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Immunization

COVID-19 vaccines – mRNA

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​​​​​​​​​Get protected, get immunized.

  • Vaccines make your immune system stronger. They build antibodies to help prevent diseases.
  • Immunization is safe. It's much safer to get immunized than to get this disease.​​

What are COVID-19 vaccines?

COVID-19 vaccines protect against the SARS-CoV-2 virus (also known as COVID-19). The virus causes an infection in the lungs and airways and is a type of respiratory illness. In some cases, the infection can cause problems with other organs or other parts of the body. Go to ahs.ca/covid to learn more about COVID-19.

The following COVID-19 vaccines are approved for use in Canada:

The Pfizer-BioNTech, Moderna, Janssen, and Novavax vaccines are available in Alberta.

Who should get an mRNA COVID-19 vaccine?

Everyone is at risk of COVID-19. You should get an mRNA COVID-19 vaccine if you're age 6 months or older. COVID-19 vaccines are free.

Do I need a vaccine if I've already had COVID-19?

If you've already had COVID-19, it's not yet known how long your protection will last or how much protection you'll have against variants. It's important to get a COVID-19 vaccine even if you've already had the virus.

The vaccine may give you better protection if you wait a while after having COVID-19 and then get a vaccine. How long to wait depends on your health history and whether or not you've already had doses of COVID-19 vaccine.

If you've had COVID-19 in the past 90 days, check with your healthcare provider about when to get a COVID-19 vaccine.

What if my child is getting a COVID-19 vaccine?

Consent for a COVID-19 vaccine for children under age 18 years is provided by a parent or guardian. If a parent or guardian can't be at the appointment, they can give consent in writing using the consent form at ahs.ca/VaccineUnder18.

In some cases, children under age 18 years may be able to give their own consent.

How well do COVID-19 vaccines work?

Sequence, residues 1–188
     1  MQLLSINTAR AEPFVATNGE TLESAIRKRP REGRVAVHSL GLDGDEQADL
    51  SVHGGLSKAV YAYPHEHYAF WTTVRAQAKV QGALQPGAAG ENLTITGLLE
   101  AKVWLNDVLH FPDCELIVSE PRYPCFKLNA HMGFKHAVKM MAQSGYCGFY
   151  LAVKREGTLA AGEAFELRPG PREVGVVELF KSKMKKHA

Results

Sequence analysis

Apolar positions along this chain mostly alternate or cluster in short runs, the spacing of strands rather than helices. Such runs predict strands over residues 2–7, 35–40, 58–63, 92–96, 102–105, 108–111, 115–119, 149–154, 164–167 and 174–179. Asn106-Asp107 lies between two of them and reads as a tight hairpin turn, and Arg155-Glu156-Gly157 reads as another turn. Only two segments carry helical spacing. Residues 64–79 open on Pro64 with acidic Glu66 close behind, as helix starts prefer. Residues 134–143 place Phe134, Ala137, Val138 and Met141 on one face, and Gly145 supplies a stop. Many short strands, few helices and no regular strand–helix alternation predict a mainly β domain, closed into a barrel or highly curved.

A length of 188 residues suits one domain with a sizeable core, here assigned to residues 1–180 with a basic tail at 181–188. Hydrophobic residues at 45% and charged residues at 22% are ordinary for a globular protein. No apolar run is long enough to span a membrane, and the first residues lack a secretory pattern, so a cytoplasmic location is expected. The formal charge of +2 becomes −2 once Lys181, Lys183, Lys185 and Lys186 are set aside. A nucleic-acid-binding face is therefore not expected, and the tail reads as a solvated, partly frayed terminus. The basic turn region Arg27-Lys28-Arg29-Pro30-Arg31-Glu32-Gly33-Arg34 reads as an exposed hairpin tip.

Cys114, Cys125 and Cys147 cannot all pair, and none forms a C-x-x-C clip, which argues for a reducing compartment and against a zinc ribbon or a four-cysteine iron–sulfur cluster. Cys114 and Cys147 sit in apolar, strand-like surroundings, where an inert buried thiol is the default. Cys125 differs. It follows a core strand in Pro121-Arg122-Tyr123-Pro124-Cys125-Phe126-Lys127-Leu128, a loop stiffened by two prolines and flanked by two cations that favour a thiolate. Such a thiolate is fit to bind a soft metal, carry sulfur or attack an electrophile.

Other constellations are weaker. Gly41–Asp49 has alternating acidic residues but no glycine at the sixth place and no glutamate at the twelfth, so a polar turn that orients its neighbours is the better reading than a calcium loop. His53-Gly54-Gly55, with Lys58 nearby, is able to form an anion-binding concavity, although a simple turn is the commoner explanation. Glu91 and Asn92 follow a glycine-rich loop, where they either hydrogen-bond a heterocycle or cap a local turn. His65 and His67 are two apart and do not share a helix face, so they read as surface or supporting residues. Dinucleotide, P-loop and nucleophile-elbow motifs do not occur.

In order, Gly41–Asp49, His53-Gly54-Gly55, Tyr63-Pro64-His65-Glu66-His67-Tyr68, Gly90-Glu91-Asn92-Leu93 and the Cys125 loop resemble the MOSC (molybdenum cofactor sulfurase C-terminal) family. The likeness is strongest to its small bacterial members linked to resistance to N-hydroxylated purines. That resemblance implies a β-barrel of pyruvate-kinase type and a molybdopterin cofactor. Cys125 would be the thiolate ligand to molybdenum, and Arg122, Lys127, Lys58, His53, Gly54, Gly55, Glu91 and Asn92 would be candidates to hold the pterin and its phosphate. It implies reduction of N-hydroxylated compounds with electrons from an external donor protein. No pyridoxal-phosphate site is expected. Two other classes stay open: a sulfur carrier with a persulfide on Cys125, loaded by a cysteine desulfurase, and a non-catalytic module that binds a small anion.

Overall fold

How well the vaccines work against COVID-19 is different for each variant. COVID-19 vaccines are the best way to lower your risk of getting COVID-19 or getting very sick from it.

The mRNA vaccines give the best protection. The protein-based vaccine gives more protection than the viral vector-based vaccines. However, all the vaccines work very well to lower your risk of getting seriously ill and needing to be in the hospital.​

How many doses of mRNA COVID-19 vaccine do I need?

Primary series

You need at least 2 doses of an mRNA COVID-19 vaccine. These doses are called your primary series.

For some people, 2 doses may not give enough protection. You may need a third dose to complete your primary series if you have a health problem that weakens your immune system. For example:

  • You've had​ or will have an organ or stem cell transplant.
  • You have kidney disease and need dialysis.
  • You have acquired immunodeficiency syndrome (AIDS).
  • You take certain medicines that weaken your immune system.

Studies have shown that a third dose may provide better protection to adults with a weak immune system. In babies and children with a weak immune system, a third dose may also provide better protection, but research is still happening to learn more.

Booster doses

If you are age 12 years or older, you can get a first booster dose 5 months after your primary series. A booster dose will give you more protection.

You should get your first booster dose if you are age 18 years or older. You should also get your first booster dose if you are age 12 to 17 years and you:

  • have certain health conditions (such as you have diabetes, you have a weak immune system, or you have heart, lung, spleen, or liver problems)
  • are pregnant
  • have a lot of extra weight
  • are Indigenous
  • live in a group setting such as a group home or long-term care centre